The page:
On several of the dives there was a very wicked surge that was difficult
for even very well trained technical divers.  These were often in the
"unknown" dive sites to which we were taken.  There were also
some very strong surface currents that made entries a challenge.  Tag lines
or float lines were not put out, instead they had the diver hold on to a
rope then get "dragged" to the anchor line at the front of the
boat.  Sometimes the current would dissipate during the descent and other
times not.  On one dive this current stirred up the "mucky"
bottom so much that the dive was immediately aborted.  In general, the
overall visibility never exceeded 30 feet and most dive were in open ocean
rather than near the coastline.  Many were underwater outcroppings of rock
that afforded some small fish life but nothing spectacular.  The "big
stuff" was probably close, but due to poor visibility none was seen. 
The best dive of the trip was a 90 minute dive to a maximum depth of 14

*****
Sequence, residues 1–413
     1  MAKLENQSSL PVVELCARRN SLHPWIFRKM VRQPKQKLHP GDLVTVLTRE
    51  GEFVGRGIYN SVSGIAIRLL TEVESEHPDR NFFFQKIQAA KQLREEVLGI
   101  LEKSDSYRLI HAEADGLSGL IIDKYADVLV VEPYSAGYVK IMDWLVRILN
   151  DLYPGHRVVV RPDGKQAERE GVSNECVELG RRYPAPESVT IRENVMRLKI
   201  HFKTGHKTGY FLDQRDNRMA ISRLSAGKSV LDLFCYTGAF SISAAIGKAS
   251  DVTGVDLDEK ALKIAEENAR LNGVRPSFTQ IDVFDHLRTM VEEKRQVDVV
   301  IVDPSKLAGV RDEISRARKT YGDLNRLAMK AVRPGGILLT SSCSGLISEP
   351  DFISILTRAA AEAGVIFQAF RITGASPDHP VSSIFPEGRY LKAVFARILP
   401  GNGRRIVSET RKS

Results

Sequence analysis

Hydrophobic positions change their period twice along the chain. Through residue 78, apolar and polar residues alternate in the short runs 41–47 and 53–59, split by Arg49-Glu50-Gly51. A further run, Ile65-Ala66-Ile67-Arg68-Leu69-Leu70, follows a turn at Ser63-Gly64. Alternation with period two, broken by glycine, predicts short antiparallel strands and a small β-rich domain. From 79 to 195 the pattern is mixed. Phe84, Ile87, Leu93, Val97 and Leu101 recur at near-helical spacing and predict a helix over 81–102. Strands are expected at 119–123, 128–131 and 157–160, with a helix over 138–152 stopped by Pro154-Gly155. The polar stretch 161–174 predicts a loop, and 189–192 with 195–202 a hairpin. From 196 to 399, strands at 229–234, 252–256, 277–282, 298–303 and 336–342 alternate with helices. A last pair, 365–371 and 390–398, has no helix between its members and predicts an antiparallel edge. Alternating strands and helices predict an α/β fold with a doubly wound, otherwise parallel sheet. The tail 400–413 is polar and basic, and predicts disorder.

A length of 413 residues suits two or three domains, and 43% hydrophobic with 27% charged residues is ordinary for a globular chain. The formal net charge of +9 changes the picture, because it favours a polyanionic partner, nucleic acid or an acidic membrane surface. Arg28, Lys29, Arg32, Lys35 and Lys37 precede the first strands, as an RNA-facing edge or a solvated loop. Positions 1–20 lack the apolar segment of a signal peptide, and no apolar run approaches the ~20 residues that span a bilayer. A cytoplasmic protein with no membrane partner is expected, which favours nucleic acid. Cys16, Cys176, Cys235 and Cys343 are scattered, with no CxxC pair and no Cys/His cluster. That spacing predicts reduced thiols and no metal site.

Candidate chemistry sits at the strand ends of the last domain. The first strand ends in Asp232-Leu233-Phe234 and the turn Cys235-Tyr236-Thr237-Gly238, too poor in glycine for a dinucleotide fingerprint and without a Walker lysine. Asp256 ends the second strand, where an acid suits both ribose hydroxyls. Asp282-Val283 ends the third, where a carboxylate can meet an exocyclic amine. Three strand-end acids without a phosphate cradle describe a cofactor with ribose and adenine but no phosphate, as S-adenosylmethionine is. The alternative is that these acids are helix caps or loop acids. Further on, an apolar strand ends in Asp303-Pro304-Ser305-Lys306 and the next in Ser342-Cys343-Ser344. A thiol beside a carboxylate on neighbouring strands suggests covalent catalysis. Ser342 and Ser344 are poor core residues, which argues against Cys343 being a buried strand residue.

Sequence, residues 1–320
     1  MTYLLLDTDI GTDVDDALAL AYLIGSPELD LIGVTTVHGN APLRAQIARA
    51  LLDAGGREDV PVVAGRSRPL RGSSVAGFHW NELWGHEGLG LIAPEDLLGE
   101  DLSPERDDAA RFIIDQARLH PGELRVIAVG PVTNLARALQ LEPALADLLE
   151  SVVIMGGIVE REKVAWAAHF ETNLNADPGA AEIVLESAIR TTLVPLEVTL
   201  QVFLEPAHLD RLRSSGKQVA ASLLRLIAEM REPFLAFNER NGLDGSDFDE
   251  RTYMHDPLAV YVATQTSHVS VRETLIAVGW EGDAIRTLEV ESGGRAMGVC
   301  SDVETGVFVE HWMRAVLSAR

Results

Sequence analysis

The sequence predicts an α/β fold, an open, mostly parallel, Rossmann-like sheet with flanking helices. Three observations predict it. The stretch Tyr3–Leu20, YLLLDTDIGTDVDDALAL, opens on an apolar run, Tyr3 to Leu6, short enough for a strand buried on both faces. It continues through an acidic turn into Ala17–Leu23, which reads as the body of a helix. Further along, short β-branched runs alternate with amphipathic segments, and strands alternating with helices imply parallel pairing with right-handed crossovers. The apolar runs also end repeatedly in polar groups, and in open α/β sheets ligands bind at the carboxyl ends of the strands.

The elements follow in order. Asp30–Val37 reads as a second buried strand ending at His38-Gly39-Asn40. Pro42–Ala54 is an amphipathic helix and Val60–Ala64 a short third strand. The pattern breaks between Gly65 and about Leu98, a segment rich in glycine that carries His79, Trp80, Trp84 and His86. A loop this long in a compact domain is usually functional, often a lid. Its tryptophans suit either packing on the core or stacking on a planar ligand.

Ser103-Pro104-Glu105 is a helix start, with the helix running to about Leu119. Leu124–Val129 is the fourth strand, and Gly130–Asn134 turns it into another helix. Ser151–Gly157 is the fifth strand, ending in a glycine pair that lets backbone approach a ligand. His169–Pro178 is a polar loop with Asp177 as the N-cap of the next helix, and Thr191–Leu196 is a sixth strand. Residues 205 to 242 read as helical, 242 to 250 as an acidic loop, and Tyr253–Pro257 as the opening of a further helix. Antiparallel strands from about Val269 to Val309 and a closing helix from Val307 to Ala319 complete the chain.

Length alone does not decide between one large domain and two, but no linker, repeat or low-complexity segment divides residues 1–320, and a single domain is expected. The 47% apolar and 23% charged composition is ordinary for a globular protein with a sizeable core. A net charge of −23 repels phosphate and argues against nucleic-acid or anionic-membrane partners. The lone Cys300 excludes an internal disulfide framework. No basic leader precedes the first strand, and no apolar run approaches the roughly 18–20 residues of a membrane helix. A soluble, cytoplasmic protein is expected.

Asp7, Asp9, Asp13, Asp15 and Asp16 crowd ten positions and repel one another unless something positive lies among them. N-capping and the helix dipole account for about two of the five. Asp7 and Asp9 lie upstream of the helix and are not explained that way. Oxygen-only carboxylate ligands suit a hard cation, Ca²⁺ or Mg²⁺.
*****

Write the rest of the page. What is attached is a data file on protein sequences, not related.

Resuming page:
feet.  During this dive while watching an octopus move rocks from a hole
two (2) Harlequin Shrimp were spotted.  We watched the shrimp playing and
the octopus moving rocks for about 20 minutes.  putting a hand down in
front of the octopus and he eventually came out and touched it.  As he
finally swam off to a new area we moved on as well.  This was undoubtedly
the high point of the trip.

All in all, it was an experience that is not high on the repeat list. 
Given time and more exposure to divers rather than fishermen or surfers,
this could be come a much better destination. The Dive Operation (Coiba
Dive Center) needs to do more research on the area and have a better
understanding of the skill levels of the divers on board.  This could he;p
them provide a much nicer experience than we had.  The Lost Coast Explorer
needs to understand that divers have "wet" items more so than the
other groups they are catering to, therefore be more attentive to towels
and linens and emptying trash from the rooms.  The two operations also need
to learn to work more closely together, assisting each other with daily
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Note: The information here was reported by the author above, but has NOT been reviewed nor edited by Undercurrent prior to posting on our website. Please report any major problems by writing to us and referencing the report number above.